Karlsplatz Stadtbahn Station (Stadtbahn Karlsplatz)

Karlsplatz Stadtbahn Station (Stadtbahn Karlsplatz) (32)

Aside from the residential projects of Majolikahaus and Ankerhaus, and the large constructions of the Postsparkase, the touch of distinction that is characteristic of the architecture of Otto Wagner can also be seen today in the historic though still functional stations of the Stadtbahn, the city's first metropolitan railway.

Conceived in the late nineteenth century, the original Stadtbahn lines have today been integrated into the U-Bahn system, the modern Vienna underground. The authorities of the era entrusted the design of this new transport system to Otto Wagner, and the architect, aware that he was involved in a major upheaval for the city, approached the design as an integrated project in which equal attention would be paid to the major infrastructures, such as bridges and stations, as would be paid to seemingly lesser details, such as signage or lighting. 

Highlights off these designs include various structures that were formerly part of the stations and which remain today as faithful witnesses to the work of this visionary architect. On the one hand there is the Hofpavilion, designed by Wagner as a station for the exclusive use of the emperor and members of the court, though it would appear that Emperor Franz Joseph used it only twice.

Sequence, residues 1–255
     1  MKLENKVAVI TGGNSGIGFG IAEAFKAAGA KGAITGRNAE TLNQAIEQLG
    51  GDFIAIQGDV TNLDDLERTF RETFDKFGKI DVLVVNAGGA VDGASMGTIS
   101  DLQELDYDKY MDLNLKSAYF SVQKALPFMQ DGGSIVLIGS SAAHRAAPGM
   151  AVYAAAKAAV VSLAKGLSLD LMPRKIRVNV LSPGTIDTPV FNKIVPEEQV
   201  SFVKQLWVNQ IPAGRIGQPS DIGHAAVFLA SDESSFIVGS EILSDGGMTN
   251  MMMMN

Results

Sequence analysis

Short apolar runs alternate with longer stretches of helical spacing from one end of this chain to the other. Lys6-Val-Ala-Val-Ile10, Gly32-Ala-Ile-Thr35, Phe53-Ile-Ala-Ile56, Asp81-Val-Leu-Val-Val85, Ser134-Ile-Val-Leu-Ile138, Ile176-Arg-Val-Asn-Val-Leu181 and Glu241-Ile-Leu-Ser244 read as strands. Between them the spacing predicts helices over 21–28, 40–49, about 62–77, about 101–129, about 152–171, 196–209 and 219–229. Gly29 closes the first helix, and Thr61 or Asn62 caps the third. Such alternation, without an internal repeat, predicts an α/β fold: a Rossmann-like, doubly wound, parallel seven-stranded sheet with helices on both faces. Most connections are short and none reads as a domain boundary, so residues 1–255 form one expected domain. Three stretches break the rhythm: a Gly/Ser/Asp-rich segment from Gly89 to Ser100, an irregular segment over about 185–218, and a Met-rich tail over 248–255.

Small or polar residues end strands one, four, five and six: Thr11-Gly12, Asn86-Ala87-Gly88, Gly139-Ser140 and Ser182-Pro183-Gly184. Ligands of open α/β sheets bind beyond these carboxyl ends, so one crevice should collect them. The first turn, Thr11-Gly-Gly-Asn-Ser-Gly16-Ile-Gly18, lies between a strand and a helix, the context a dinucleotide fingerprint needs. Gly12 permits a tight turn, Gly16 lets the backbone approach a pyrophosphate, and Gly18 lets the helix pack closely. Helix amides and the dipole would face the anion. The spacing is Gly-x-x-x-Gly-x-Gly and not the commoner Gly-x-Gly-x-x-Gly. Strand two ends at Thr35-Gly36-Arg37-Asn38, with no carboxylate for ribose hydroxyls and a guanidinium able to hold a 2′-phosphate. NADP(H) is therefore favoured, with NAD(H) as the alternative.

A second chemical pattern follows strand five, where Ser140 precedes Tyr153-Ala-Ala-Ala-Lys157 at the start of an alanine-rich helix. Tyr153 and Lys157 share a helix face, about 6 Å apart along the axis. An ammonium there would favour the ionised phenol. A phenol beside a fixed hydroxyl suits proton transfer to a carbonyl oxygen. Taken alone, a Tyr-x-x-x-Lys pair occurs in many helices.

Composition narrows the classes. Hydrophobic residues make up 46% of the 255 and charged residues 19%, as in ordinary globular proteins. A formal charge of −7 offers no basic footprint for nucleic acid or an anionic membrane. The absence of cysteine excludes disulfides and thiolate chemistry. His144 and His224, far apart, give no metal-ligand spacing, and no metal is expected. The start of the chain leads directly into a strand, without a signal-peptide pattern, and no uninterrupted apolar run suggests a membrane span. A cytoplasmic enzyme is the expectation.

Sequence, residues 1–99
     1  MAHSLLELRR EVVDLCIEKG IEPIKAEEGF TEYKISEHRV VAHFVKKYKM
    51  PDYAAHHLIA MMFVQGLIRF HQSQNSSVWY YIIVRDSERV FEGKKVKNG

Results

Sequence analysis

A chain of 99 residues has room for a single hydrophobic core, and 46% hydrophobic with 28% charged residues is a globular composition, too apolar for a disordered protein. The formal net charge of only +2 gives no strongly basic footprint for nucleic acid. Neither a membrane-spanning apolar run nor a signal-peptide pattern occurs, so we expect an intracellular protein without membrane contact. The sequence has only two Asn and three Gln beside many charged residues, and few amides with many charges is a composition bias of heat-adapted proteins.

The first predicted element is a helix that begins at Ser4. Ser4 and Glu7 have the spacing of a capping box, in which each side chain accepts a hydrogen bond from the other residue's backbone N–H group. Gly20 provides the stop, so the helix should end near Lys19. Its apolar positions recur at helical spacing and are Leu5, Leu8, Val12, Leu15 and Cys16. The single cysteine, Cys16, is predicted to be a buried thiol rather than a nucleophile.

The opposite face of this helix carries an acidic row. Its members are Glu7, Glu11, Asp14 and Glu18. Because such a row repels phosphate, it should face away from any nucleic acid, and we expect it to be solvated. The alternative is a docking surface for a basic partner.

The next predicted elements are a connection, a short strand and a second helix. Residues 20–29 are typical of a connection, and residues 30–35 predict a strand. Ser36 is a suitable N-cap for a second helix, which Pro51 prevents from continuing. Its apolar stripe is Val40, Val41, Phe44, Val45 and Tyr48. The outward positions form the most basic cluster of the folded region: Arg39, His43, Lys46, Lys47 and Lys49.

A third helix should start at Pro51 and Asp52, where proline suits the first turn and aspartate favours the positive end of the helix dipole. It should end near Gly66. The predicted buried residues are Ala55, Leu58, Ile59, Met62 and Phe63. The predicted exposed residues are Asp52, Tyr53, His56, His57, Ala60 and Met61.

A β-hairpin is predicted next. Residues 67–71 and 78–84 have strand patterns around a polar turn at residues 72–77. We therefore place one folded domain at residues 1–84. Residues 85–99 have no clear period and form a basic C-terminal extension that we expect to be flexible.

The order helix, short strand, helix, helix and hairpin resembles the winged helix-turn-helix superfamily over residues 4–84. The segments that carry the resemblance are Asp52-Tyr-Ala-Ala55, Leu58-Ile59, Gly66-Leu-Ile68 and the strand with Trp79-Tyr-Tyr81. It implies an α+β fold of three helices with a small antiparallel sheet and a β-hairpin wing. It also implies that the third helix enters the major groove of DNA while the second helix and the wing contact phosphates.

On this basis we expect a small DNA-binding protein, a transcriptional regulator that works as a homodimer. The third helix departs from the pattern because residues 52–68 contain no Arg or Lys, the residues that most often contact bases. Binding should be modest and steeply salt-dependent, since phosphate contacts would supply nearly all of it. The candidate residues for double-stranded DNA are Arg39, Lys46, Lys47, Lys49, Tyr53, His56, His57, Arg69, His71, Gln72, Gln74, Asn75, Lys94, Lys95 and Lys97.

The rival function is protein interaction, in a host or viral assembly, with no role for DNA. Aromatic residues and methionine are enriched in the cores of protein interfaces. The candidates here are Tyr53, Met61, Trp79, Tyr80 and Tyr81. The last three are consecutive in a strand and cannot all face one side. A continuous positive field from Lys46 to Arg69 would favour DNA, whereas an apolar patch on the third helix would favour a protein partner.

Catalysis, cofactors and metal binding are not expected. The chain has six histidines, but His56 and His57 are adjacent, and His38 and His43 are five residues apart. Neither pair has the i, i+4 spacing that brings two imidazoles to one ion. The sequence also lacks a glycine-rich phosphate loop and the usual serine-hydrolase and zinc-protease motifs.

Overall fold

The architect developed this pavilion in collaboration with Josef Maria Olbrich, and the main attractions are the copper dome and the interior of the waiting room, exquisitely decorated with gold ornaments, silk wallpaper and mahogany. Other noteworthy elements are the elegant carpet and the paintings of Carl Moll representing a cityscape of Vienna. 

This gem is one of the unique examples of interior design by Otto Wagner that still remain. The stairs to the platforms were removed in 1961 and today this building near the Hietzing station is part of the network of spaces administered by the Wien Museum. 

Far more famous are the pavilions located in Karlsplatz which, as a result of their elegant beauty, are frequent prey to tourists' cameras. Designed as entrances to the former Stadtbahn station in Karlsplatz, they were built in 1898. 

For their shape, these eminent examples of Viennese Jugendstil have sometimes been compared with luxurious sweet tins. The beautiful golden ornaments, marble slabs and floral motifs blend seamlessly with the building's evident modernity, which is clearly exemplified by the use of prefabricated metal structures and decorative elements produced in series.

The green copper serves to highlight the white marble and gilded ornamentation. Notice how often Otto Wagner's favourite motif, the sunflower, is repeated. However, the most beautiful and striking element of all is the elegant curve of the roof.

The Karlsplatz pavilions are one of those monuments for which the Viennese show particular affection. In the 60s, when, as part of the remodelling of the U-Bahn network, the possibility of demolishing the pavilions was suggested, the public outcry was such that the authorities were forced to find solutions to conserve them. Finally, they were dismantled and reassembled in 1977.

As you can they were placed facing each other, one now carrying out the function of an exhibition space where visitors can brush up on the great Otto Wagner, a figure whose artistic and technical achievements are often the cause of genuine fascination. The other is a lively cafe. So the choice is yours - a little Otto or a cup of coffee.

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